Sunday, 20 March 2011

Conlanging for Fiction – Part 1 – In RPGs

Making constructed languages for your fictional settings is a great way to add depth to the world. Today I am going to talk about their use in RPGs.

 

 RPGs, whilst being a narrative experience, are collaborative. This means, everything you (as a GM) put in, your players must choose to face it. Even in a highly railroaded campaign, a GM cannot force his players to experience the fluff text. As such, your players will need to be on board, or you will need to be conservative (otherwise you’ll waste a lot of time).

 

 However, despite this, there is still something those of you with a Linguistic bent can do to satisfy both urges simultaneously. Create a Naming Language.

 

 Naming Languages are perfect for RPGs and stories alike, as they enable a uniform approach to naming (of towns/places and of peoples) which can actually alleviate some of the stress for a GM (I.e. write up a list of traits and adjectives in your Naming Language, and when your players come across an NPC you haven’t named, glue a few together, and you have a name that is original, insightful (to their character), and fluffy to the game world; same goes with place names!).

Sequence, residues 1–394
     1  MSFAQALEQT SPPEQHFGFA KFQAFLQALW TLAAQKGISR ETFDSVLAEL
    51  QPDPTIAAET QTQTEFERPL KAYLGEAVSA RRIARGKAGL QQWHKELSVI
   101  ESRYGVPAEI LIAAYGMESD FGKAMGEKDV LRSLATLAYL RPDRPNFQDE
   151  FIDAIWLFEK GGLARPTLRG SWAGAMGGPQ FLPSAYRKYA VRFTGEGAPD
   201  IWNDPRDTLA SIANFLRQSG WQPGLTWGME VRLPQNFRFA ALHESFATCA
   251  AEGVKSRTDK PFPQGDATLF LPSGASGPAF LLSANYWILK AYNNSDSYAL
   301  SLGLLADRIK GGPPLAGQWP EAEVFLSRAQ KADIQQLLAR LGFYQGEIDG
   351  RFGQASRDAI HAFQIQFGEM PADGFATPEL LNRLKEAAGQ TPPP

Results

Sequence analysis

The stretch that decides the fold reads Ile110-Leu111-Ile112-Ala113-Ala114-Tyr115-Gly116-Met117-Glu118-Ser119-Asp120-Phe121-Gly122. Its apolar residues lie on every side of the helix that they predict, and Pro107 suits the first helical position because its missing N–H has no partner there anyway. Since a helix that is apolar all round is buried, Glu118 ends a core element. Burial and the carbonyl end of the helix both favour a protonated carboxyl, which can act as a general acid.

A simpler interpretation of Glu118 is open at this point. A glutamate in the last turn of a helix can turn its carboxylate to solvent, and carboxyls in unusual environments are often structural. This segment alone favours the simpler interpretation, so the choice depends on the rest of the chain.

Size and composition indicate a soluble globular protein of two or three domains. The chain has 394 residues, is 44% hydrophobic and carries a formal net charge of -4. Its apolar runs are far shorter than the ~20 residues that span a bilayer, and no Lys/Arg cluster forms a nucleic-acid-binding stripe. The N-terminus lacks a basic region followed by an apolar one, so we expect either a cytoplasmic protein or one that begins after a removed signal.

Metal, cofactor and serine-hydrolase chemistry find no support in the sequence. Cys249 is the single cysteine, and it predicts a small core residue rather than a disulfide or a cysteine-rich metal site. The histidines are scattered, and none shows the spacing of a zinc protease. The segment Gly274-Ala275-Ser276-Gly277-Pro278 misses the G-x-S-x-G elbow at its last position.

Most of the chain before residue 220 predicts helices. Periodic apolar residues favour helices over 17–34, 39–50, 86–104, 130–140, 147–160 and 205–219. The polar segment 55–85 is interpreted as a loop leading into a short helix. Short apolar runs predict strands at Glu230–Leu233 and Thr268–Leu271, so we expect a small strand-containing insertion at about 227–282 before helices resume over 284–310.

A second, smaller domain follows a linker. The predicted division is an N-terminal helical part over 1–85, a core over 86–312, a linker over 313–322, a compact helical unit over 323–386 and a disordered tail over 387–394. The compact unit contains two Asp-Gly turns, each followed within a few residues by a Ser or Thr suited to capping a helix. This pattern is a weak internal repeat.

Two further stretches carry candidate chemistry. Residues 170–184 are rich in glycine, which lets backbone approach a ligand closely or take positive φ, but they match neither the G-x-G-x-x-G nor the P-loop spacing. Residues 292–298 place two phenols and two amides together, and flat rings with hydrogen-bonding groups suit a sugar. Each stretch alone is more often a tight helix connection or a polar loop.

Of course, another method to use is language puzzles. Make a very basic grammar for your language, maybe a few roots, a word order, etc. Make it basically a complicated cipher of your players’ native tongue, and then make a prop which is a “Field Guide to X” where X is the name of the ‘Ancient Language’ you’ve just created. Then, when your players stumble into the ancient ruins, they have this field guide that they can use to decipher the inscriptions. But don’t make it too easy on them! If you have a ‘modern’ Naming Language, attempt to add in some sound changes, which aren’t included in the Field Guide, so that the players have to think hard on what those missing syllables mean. Just a thought.

 

 I hope to talk to you again soon,

 

 Ben Scerri